Vintage Londoner with retrocentric tastes. Interested in the uncommon,artistic,cultural and visual life of this old tart of a city and its tawdry glamour. Tinctured with cocktails, swear words and the odd rant. I'm friendly but bolshy and my opinions are honest and sponsor-free. P.R and marketing types please see 'About Me'.
Friday, 10 February 2012
'Style Me Vintage, Clothes: A Guide to Sourcing and Creating Retro Looks'
I must admit that when I buy books about fashion or design they tend to be monographs about particular designers or art and design history related. This makes sense as I have a degree in Art History. I haven’t really been tempted by many of the guides to vintage/shabby chic/retro style type tomes, partially because I am probably past needing them having hopefully learnt from my many mistakes. However there are a couple of things that put me off some of those already published. One is that advising me to look out for vintage Dior or pieces of collectable Ossie Clarke is just pointless, I don’t have the money and if I wanted to know about them I would refer to a fashion historian not some vintage ‘expert’. Another is styling, I hate seeing that gawky modern fashion pose and gormless stare beloved by the contemporary fashion world combined with a thirties day dress. Also I don’t like ‘fancy dress’ styling, you know sticking someone in a wig or having them throw a ‘pin-up pose’. The final thing is tone, that ‘imperious’ assertion that certain things have to be worn in a certain way because that is 'how it was done' in some past decade that often rears it's head is the worst. As a historian that really peeves me. Or you get the breathy amateur approach which is to writing what cup cakes are to baked goods. You can imagine that it is with trepidation I received Naomi Thompson’s new book: 'Style Me Vintage, Clothes: A Guide to Sourcing and Creating Retro Looks.' She is a friend and I know she knows her stuff, but publishers and editors can wreak havoc on even the sanest prose; happily I am impressed.
The author in her cossie.
The book is part of a set of publications which aim to help introduce elements of vintage style, sort of how to ‘be vintage’ or ‘buy vintage’ or even just ‘look vintagy’ and with it’s pretty design and light touch it is, I feel very accessible to people just dipping their toes into polkadot-infested waters. However the dainty booklook is a bit of a Trojan horse because slipped into its pages is a lot of serious, useful and downright educational material. For example the vital details about checking for holes, inspecting armpits and counting the buttons are clearly explained. The dodgy element of vintage; the pitfalls of being conned into paying for a ‘vintage’ dress that has overlocking, a zip, and care instructions are all mentioned. This is however nestled away in the recesses of text that expresses the author’s enthusiasm for enjoying clothes and her tone is friendly and conspiratorial rather than didactic, something emphasised by the occasional reference to her own life experiences. Naomi tends to enthuse about all the enjoyment to be had styling clothes rather than elucidating rules or condemning any particular approach. The whole point is not to slavishly follow some cult of 'what is vintage' but to find your own way, something this slim volume somewhat subversively encourages. Possibly that is why she has kindly included this blog in the resources section of the book. If her publishers are interested in 'Style Me Vintage: The Dark Side' they know where to find me!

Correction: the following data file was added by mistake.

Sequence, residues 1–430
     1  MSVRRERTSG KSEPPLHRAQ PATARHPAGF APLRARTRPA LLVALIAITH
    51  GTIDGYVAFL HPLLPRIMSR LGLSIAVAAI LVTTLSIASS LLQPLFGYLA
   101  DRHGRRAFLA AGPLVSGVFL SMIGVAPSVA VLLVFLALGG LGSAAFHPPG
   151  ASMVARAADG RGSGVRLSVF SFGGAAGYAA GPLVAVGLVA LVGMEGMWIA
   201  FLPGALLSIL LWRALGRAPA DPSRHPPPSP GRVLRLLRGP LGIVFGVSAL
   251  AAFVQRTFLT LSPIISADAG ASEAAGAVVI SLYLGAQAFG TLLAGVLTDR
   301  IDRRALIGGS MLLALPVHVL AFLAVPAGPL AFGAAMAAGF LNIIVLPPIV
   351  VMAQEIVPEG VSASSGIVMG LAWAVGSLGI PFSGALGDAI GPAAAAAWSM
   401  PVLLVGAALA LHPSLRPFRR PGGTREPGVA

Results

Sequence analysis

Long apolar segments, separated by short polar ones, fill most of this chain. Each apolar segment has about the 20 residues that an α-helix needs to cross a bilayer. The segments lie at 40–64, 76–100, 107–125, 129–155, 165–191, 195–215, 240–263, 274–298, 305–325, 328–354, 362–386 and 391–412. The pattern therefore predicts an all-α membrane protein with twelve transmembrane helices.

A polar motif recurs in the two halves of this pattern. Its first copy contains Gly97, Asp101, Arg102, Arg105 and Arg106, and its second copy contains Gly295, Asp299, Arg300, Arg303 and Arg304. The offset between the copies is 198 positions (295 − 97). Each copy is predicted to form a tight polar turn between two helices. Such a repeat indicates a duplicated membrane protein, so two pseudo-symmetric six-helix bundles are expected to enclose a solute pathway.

Fleur in swirl dress
The book is divided up into decades, and covers vintage fashion (20’s – 60’s) and retro collectable fashions (70’s – 80’s). The book also provides useful advice on accessories. The aim seems to be more to give readers a general feel for the things that condense the feel of a period. What is refreshing here is the use of real enthusiasts as models, not just some volunteers who work for the publishers which has been the case with some previous books on the subject. This works because the clothes are worn by ordinary women who love them. Christina Wilson's photographs for the book are lovely and it would not let the top of anyone's coffee table down. The poses quote the eras discussed and the magazine-like punchy page design gives the impression of a book you dip in and out of rather than having to study and digest. What I particularly appreciated was that whilst Naomi stresses the uniqueness, history, collectability and high quality of genuine vintage the usefulness of good repro brands and regular trawls of High Street stores is also mentioned. That makes this book useful to those who may not be able to afford authentic vintage or live in areas where markets and fairs are not readily accessible. This egalitarian approach is reflected by the fact that the book refers the reader to vintage dealers, repro brands and resources they can use to find their own way into styles from the past.
If I have any criticism it is that this book could have been longer but as it is the volume is useful, well written and has considerable charm. I don’t think that anyone could read it and not be tempted to invest in, at the very least, a pair of gloves or a vintage brooch.